"... In undertaking an aerial flight over the ocean in a land-based plane, man must reckon with the perils of the sea which are as imminent and real as the unrelenting force of gravity. Just as flight over the land brings forth the danger of violent collision with the earth, we have the dangers of the sea in overwater flight. That men may remain alive for varying periods of time before succumbing does not change the picture. We think it a rather violent fiction to say that death, under such circumstances, comes from accidental drowning. Common knowledge and experience fairly shout of the dangers of shock, exposure and drowning when a flight is taken over water in the winter time in a land-based plane." (p. 109.)

Likewise, in Green v. Mutual Ben. Life Ins. Co., supra, the policy excluded death occurring by reason of any aerial flight. It was held there could be no recovery on the policy where the insured, while in training as a naval aviation cadet, lost his life when, unable to land upon a carrier because of a sudden snow storm, he was forced to land in the water, the court saying:

"The natural and obvious meaning of the aviation clause in the case at bar is that the insurer declines to assume those extra risks of death ordinarily associated with aerial flight. Where death admittedly results from the operation *419 of one of those familiar and popularly understood risks there cannot be any issue of proximate causation for a jury to determine...." (p. 57.)

In all of the above-cited cases it was recognized that the risk of death by drowning or exposure was inherent in the flying of a land-based plane over water. The attendant risk of an insured losing his life in the water as the result of engine trouble or adverse weather conditions was a normal, anticipated risk clearly contemplated by the terms of the aviation exclusion clauses.

The aviation activity must in some way be regarded as a proximate cause of the harm sustained in order to bring the harm within an aviation exception. In this sense, however, proximate cause is often said to refer to risks the parties contemplated and intended to include or exclude from coverage. Judge Cardozo, in Bird v. St. Paul F. & M. Ins. Co., 224 N.Y. 47, 120 N.E. 86, 13 A.L.R. 875, said:

"General definitions of a proximate cause give little aid. Our guide is the reasonable expectation and purpose of the ordinary business man when making an ordinary business contract. It is his intention, expressed or fairly to be inferred, that counts ... The same cause producing the same effect may be proximate or remote as the contract of the parties seems to place it in light or shadow. That cause is to be held predominant which they would think of as predominant. A common-sense appraisement of everyday forms of speech and modes of thought must tell us when to stop. It is an act of `judgment as upon a matter of fact'...." (p. 51.)

Also, see, Order of United Commercial Travelers v. King, supra, where the court chose to attach to the word "resulting" the ordinary meaning given it by laymen rather than any technical or legal connotation borrowed from the law of torts pertaining to causation.

Plaintiff looks to other portions of her petition and urges the instant case is distinguishable from the foregoing cases in that her husband's death occurred as a result of an outside or intervening cause, namely, Russian gunfire, and was not an excluded risk under the clause in question. She relies principally on Boye v. United Services Life Ins. Co., 168 F 2d 570 (D.C. Cir.1948), cert. denied 335 U.S. 828, 93 L. Ed. 381 69 S. Ct. 54, Bull v. Sun Life Assur. Co., 141 F.2d 456 (7th Cir.1944), cert. denied 323 U.S. 723, 89 L. Ed. 581, 65 S. Ct. 55, and Riche v. Metropolitan Life Ins. Co., 84 N.Y.S.2d 832, holding generally that death of an insured resulting from a hostile third party is not excluded by an aviation clause, since such was a risk of war rather than a risk of aviation. Plaintiff also directs our attention to statements in Barringer v. Prudential Ins. Co., 62 F. Supp. 286 (D.C. Pa.), affirmed 153 F.2d *420 224 (3d Cir.1945), and Massachusetts Mut. Life Ins. Co. v. Smith, 193 F.2d 511 (5th Cir.1952), rehearing denied 194 F.2d 1006, cert. denied 344 U.S. 823, 97 L. Ed. 641, 73 S. Ct. 22, which tend to support her argument.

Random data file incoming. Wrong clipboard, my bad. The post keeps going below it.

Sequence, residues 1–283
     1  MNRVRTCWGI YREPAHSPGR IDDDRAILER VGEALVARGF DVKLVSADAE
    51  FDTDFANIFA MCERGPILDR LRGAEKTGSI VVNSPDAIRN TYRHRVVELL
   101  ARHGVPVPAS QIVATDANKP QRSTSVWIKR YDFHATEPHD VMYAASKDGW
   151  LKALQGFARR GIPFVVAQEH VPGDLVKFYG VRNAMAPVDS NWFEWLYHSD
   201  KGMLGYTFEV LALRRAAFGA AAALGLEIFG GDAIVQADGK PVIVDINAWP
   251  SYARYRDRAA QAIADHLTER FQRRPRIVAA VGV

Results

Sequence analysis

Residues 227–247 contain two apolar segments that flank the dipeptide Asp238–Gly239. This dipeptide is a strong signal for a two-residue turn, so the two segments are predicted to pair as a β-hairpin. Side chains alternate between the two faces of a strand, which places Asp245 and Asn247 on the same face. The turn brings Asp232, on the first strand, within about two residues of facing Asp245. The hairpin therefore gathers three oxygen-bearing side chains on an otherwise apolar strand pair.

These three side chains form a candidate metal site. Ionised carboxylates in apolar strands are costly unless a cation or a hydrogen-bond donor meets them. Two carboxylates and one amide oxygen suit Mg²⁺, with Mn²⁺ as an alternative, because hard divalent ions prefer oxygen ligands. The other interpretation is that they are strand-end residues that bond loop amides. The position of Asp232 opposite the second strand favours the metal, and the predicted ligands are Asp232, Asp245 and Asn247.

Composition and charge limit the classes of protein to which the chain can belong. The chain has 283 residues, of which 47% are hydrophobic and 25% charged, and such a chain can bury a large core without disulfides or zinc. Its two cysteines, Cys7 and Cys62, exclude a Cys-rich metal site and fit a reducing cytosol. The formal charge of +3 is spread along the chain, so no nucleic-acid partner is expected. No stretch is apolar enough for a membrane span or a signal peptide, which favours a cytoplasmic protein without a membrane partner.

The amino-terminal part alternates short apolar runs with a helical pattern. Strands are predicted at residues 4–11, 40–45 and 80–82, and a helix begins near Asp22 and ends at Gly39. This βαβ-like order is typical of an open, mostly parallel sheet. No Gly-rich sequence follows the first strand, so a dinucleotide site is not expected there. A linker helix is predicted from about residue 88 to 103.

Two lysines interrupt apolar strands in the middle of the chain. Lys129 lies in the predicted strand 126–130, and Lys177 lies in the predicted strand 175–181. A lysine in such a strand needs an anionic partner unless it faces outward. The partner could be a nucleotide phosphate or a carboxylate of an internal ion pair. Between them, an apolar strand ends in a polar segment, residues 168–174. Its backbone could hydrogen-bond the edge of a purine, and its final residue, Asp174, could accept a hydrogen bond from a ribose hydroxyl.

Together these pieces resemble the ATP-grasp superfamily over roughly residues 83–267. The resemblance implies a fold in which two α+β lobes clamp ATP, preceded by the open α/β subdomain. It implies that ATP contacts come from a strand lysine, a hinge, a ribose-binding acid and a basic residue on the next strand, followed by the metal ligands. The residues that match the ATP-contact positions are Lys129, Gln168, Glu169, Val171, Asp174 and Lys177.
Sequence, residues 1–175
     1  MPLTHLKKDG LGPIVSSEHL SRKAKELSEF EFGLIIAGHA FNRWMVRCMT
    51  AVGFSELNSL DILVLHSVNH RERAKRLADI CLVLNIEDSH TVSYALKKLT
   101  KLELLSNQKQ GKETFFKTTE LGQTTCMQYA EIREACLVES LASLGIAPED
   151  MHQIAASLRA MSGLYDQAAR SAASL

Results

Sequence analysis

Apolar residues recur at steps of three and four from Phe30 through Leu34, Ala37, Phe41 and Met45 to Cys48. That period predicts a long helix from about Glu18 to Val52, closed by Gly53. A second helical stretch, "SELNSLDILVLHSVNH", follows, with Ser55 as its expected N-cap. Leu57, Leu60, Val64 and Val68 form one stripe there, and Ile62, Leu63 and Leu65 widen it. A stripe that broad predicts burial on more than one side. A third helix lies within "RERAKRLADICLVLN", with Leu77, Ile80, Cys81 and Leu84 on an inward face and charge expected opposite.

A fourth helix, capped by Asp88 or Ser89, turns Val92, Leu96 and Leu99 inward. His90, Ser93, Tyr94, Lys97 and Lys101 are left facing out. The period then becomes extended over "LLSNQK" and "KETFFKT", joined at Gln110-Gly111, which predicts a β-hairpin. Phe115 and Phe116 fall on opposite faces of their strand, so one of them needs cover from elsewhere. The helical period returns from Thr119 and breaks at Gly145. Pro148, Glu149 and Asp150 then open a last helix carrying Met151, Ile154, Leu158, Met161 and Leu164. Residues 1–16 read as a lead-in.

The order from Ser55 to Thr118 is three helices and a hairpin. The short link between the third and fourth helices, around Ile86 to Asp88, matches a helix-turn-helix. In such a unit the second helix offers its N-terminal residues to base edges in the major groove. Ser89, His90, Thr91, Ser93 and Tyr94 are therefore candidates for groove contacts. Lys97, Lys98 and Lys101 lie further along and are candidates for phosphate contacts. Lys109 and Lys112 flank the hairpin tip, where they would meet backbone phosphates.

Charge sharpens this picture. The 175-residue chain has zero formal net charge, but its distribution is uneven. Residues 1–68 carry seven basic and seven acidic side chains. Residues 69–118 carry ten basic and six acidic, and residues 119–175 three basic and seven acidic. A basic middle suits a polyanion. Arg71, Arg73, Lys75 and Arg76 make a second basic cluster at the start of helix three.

In Boye v. United Services Life Ins. Co., supra, the insured was a bomber pilot who failed to return from a mission on which his plane was believed to have been lost as a result of enemy anti-aircraft fire. The court held death was not due to "operating or riding in any kind of aircraft" within the aviation exclusion clause of the policy, but was the result of gunfire, which was a risk of war not excluded by the policy. The court likened the situation to that where a policy excluded death "due to operating or riding in an automobile" and the insured had been killed by gunfire while driving an army car.

Likewise in Bull v. Sun Life Assur. Co., supra, the policy excluded death "as a result, directly or indirectly, of service, travel or flight in any species of aircraft." The insured's seaplane, after being damaged by enemy fire, made a forced landing in the water. While the insured was attempting to launch a life raft, a Japanese seaplane strafed the crippled aircraft. The plane blew up and insured was never seen again. The court concluded the intention of the parties was to exclude only the risks of aviation and to assume war risks not connected with aviation. The court held the flight was completed when the plane landed, and death was due solely to a risk of war, not of aviation. Therefore, recovery was allowed on the policy. There was a strong dissent pointing out that death was at least the indirect result of an airplane flight.

Also, in Riche v. Metropolitan Life Ins. Co., supra, recovery was permitted under an identical exclusion clause as found in the Bull case. The insured was killed during World War II when his plane was struck by enemy fire. The court said: